In 1909, the club introduced Badminton to the country, with its own indoor court, becoming the first badminton club in Ceylon. Dimbula conducted two badminton tournaments annually from 1911 until 1926.

In its heyday, Radella Club had been the venue for several noteworthy and prestigious events: The first recorded cricket match was played on its grounds in 1892, between a touring Lord Hawke’s XI and an Upcountry side.

During World War II, Lord Louis Mountbatten, the head of SEAC (South East Asia Command) was headquartered in Ceylon after the fall of Singapore to the Japanese and stayed in the Radella Estate bungalow which overlooked the club when he visited the troops. They used the club’s grounds for their parades/drills, as well as for exercise.

On 17 April 1954, Her Majesty Queen Elizabeth II and His Royal Highness Prince Philip, Duke of Edinburgh visited the club, as a part of their tour of Ceylon: They were hosted to a tea party, attended by planters and several dignitaries.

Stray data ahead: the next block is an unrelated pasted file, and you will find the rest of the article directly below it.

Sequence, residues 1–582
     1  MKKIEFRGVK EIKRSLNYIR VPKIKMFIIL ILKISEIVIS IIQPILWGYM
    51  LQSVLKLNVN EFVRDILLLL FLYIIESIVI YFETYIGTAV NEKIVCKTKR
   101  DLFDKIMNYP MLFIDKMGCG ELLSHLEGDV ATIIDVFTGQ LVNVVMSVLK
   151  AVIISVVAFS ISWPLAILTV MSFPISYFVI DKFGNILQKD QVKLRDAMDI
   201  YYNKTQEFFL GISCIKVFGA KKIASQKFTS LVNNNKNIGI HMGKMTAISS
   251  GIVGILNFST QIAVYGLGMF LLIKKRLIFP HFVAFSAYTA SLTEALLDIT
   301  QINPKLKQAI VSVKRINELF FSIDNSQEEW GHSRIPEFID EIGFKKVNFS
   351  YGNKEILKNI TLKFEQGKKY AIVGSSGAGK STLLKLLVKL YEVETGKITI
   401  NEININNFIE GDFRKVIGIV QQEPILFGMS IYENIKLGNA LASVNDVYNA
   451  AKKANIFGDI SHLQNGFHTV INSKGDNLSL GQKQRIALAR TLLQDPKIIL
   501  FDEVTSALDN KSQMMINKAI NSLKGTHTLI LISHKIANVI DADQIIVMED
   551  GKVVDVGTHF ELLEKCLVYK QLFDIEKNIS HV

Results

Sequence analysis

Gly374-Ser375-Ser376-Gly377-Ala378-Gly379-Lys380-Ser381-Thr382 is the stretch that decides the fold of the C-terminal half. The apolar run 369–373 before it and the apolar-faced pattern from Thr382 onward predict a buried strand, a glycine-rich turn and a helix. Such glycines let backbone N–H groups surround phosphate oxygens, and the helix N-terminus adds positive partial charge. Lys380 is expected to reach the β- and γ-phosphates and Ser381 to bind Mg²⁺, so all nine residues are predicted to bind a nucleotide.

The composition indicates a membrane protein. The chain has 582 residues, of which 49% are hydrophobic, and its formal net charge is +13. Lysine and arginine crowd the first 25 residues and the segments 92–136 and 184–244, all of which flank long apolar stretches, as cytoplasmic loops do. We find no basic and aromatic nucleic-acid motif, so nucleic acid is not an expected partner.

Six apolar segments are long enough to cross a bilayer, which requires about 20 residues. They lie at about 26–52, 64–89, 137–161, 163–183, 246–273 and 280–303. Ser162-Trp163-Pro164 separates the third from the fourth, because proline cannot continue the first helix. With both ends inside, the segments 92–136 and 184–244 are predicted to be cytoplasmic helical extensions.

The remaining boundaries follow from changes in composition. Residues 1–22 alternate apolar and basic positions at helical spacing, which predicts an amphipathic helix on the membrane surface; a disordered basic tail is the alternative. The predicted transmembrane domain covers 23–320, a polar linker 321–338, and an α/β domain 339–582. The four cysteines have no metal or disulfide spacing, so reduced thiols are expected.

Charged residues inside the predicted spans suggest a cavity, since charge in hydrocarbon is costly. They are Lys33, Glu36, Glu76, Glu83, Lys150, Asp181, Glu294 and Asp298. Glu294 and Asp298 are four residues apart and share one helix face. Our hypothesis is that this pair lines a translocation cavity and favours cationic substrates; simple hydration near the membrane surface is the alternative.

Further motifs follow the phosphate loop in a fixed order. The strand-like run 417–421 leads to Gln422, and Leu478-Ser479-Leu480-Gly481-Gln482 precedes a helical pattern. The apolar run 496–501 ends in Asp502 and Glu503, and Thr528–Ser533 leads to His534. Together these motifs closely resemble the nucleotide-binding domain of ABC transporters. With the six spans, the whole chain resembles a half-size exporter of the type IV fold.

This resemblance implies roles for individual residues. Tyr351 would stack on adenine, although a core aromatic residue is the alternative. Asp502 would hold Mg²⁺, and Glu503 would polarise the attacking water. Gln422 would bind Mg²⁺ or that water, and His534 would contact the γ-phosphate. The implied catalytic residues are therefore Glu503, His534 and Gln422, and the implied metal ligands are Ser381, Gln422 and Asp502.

Led by Ted Dexter, MCC played a game against an Upcountry cricket XI at Radella in 1962. Several rugby clubs from England played there, one being Blackheath, with that game being organized by Noel Gratien, a former Justice of the Supreme Court of Ceylon.

Other notable visiting sides included an Australian Colts rugby team in 1957, the Bosuns (from Britain) in 1969, Paris Universities a few years later, Nomads in 1983 and also Dulwich College from Britain in 1984.